On 14th December 2015 the House of Lords considered the Government’s Welfare Reform and Work Bill in its third day of Committee.
The Bishop of St Albans, Rt Revd Alan Smith spoke in support of two amendments that would require the government to report annually on progress towards halving the disability employment gap. The amendments were withdrawn after the debate.
The Lord Bishop of St Albans: My Lords, I rise briefly to support Amendment 65 in the name of the noble Baroness, Lady Manzoor, and Amendment 67 in the name of the noble Baroness, Lady Campbell of Surbiton, which would legislate for a disability employment gap reporting obligation.
If we are to take the Government at their word—that the measures in the Bill reducing benefits for the disabled are about incentivising work, rather than simply cutting the cost of the benefit budget—I freely applaud the intention, if not necessarily the execution. The disability employment gap is, of course, a sad indictment of a society that has for perhaps too long been willing to ignore the aspirations of the disabled to engage fully in society through work. As the Government’s own impact assessment found, 61% of those in the work-related activity group want the opportunity to earn a living. It is quite right that the Government have committed to this laudable aim of halving the disability employment gap. We all applaud that.
There are, of course, measures within the present Bill that the Government claim will contribute towards reducing the employment gap by incentivising paid employment; the WRAG cut is the obvious example. However, as was evidenced in this Chamber last week, there are quite a few people with a great deal of experience in this area who have grave concerns about the effectiveness of the measures. This kind of carrot-and-stick approach cannot be a substitute for the proper strategic, joined-up thinking across the departments that will be required if we are to help disabled people overcome the considerable challenges they face in entering or re-entering the workplace.
I acknowledge that the Government are making good progress on this issue on some fronts. For example, I welcome the announcement in the spending review of the new work and health programme. However, a proper reporting obligation will bring much needed clarity and transparency to the issue of disability employment, as well as allowing the Government to think more strategically about how best to allocate resources in an effort to close the gap. This obligation is made even more essential, given the seriousness of the implications of measures like the ESA WRAG cut for those who currently rely on such benefits. If the WRAG cut does not facilitate increased numbers of disabled people moving into work—or, even worse, makes it harder for them to find employment, as a number of charitable bodies have suggested—we need to know about it. These amendments would cost the Government almost nothing, but would give them a sound platform going forward as they seek to fulfil this excellent pledge to close the disability employment gap. I therefore hope that they will support some form of these amendments as we go forward.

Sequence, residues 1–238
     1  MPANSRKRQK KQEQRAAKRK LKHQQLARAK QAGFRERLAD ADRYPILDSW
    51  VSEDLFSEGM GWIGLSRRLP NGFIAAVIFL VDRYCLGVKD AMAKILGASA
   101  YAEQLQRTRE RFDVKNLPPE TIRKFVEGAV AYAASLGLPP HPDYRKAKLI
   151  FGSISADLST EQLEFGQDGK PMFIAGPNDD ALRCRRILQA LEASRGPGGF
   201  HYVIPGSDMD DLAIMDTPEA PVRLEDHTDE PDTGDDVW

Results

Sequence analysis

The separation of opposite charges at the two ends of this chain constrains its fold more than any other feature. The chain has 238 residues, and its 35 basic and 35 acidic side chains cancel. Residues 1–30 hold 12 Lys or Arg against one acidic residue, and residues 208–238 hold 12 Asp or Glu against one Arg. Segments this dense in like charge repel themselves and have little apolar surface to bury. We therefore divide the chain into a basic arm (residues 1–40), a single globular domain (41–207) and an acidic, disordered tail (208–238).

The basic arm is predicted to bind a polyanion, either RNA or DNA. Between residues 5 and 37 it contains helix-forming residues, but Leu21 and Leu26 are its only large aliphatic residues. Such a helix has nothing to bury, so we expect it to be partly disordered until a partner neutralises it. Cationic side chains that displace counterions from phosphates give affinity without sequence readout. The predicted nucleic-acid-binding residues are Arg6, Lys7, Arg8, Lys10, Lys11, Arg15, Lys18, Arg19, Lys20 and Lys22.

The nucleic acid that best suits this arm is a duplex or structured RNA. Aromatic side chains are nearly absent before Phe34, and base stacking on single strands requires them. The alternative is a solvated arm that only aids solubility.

Lord Freud: The first part of Amendment 63, along with Amendments 65 and 67, tabled by the noble Baronesses, Lady Manzoor and Lady Hollins, and the noble Lord, Lord Low, would require a separate annual report on the progress being made towards halving the disability employment gap. The latter amendments would also require some specific information, such as the employment rates of different groups of disabled people. However, as progress against the disability employment gap commitment is a key factor of our overall commitment to full employment, these amendments are not necessary, as that progress will be reported in the annual report on full employment in any case.
The point raised by the noble Baroness, Lady Campbell, on how we need to bring together employment, health and social care to support disabled people into work is one that we accept. One of the things that we are proposing, which the noble Lord, Lord McKenzie, has called for, is a radical reform of how we provide this support, which is what we intend to do with a White Paper in 2016 which will set out our proposals in this area.